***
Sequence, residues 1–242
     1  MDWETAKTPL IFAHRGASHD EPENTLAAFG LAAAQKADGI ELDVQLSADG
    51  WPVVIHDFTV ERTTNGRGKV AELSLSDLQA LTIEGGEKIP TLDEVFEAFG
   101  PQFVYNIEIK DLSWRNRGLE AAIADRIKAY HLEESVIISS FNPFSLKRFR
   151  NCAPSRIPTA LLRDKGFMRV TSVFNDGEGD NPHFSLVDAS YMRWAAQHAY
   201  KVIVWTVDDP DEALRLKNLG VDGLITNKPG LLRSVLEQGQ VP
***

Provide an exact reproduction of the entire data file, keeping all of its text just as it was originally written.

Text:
Sequence, residues 1–242
     1  MDWETAKTPL IFAHRGASHD EPENTLAAFG LAAAQKADGI ELDVQLSADG
    51  WPVVIHDFTV ERTTNGRGKV AELSLSDLQA LTIEGGEKIP TLDEVFEAFG
   101  PQFVYNIEIK DLSWRNRGLE AAIADRIKAY HLEESVIISS FNPFSLKRFR
   151  NCAPSRIPTA LLRDKGFMRV TSVFNDGEGD NPHFSLVDAS YMRWAAQHAY
   201  KVIVWTVDDP DEALRLKNLG VDGLITNKPG LLRSVLEQGQ VP